After a couple weeks in which I couldn’t quite muster enough to write an update, I share some experiences I’ve had and lessons I’ve learned.
These weekly updates are an ongoing series in which I share what it is like to live with OCD in an effort to reduce the stigma around mental health, particularly in the workplace.
At times, this feels like a hollow victory, and at others like a monumental achievement. The good thing from the past little while is how I have been able to frame and respond to the hard thing (trying to do life).
OCD has been kicking my ass lately. I have been extremely symptomatic. This often looks like being short and irritated, typically with those who are closest to me. I have a low tolerance for uncertainty, and think in literal, black-and-white terms. My mind gets caught in loops, particularly at changes, surprises, or anything that doesn’t compute (which tends to be most things when I am in this state).
When my mind starts to spiral, if I notice it at all, I get frustrated that I am spiraling and start spiraling about the fact that I am spiraling.
It is exhausting.
A few days ago, partly due to sensory overstimulation, it got bad enough that I was screaming in my closet, having a full-blown panic attack.
As I mentioned, the good part was how I handled it. When I recognized what was going on, I did some high knees and threw myself into a cold shower. Once I had stabilized, I went and apologized and tried to repair things with my wife.
Later that day, I had an emergency phone session with my therapist. After I told her the story of what happened, she validated and probed a bit to see where I was at. She said she was speaking slowly and carefully to help my body calm down. Then she told me,
Hearing that story, I want to murder you.
As anticipated, that made me laugh and helped snap me out of the thinking loops I had been stuck in. She proceeded to point out all of the thinking errors and problems with my behavior. She was able to help keep me out of shame, and see what OCD was doing to me.
After we talked about it for a while, she paused to help me reflect. “An hour ago, you were telling me an angry story of what had happened to you, and now you are able to see your part and challenge OCD. That should give you hope that your choices and desires are going to win out over OCD in the end. The meaner I can be, the faster you are going to heal.”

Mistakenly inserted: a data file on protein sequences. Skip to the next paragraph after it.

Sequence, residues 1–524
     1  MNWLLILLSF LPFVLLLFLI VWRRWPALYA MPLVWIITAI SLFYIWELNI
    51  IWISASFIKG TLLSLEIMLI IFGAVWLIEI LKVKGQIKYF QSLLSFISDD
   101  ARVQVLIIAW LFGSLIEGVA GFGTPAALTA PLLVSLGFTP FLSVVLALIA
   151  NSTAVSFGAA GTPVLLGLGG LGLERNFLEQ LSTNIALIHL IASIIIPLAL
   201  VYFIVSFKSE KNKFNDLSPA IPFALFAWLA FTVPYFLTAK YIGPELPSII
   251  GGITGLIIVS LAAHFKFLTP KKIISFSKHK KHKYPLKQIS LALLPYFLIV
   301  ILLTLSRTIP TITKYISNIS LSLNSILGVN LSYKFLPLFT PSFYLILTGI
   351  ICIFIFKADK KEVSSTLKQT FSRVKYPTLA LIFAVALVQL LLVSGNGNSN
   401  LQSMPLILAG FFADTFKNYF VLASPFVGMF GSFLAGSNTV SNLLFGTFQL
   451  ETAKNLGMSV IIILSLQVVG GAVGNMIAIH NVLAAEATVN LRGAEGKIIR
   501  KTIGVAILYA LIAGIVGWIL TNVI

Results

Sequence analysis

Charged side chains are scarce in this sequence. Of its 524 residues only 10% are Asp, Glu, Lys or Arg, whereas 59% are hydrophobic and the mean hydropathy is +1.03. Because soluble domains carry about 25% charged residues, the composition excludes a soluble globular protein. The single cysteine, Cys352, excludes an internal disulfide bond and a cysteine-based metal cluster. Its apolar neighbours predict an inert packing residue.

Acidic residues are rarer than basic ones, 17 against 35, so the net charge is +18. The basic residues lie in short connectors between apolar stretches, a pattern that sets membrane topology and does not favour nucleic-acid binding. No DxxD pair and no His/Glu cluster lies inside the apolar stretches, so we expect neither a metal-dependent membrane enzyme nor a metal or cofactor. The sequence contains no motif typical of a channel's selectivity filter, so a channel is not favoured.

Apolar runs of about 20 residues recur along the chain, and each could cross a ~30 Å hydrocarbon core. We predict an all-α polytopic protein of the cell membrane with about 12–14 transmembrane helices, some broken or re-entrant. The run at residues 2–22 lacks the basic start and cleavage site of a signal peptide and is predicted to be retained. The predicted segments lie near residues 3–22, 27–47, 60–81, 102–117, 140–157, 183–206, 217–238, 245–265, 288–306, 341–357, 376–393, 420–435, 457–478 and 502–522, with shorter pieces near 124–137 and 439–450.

I was so grateful for that reminder. When a moment of relapse occurs, it can be easy to sink into despair. “How am I still having all these problems? Am I ever going to get any better?”
The truth is, I have (and used!) all sorts of skills. I will continue to improve. It will be messy and imperfect, because that’s how life is. But things are looking up.
When OCD is taking over, all areas of my life are affected. But work has been particularly hit this time. As was the case when things were rough in December, we just had a new colleague start at Factor. I told my friend and boss that surely there will come a time when we hire someone and I am doing fine.
It is often easier for me to be more self-aware in a work context than at home when I am symptomatic. I shared with my team that things are rough right now, and got an outpouring of compassion and support.
One of the ways OCD has shown up at work is to paralyze me when faced with uncertainty. When something changes or is not how I expected, I am completely thrown off.
I was supposed to own an area of our work, and because I felt like I didn’t know all of the details, and wasn’t in control of everything, I had the sense that I didn’t even know what was going on anymore. That led me to act in ways on which I do not reflect with satisfaction. Thankfully my team has been kind and understanding and I’ve been able to repair any injured feelings.
This experience has reinforced for me the power in being honest and vulnerable. That invites compassion in others.
I try to offer information about my condition or my state as explanation, not excuse. I want to be called out when I treat people poorly. I want black-and-white thinking to be challenged. I want to be more flexible. It’s just so damn hard on my own sometimes.
I don’t know how you are doing, but my guess is not great. Life is hard, especially right now. Let’s do all we can to be extra kind and patient, with others and with ourselves. A little compassion goes a long way.
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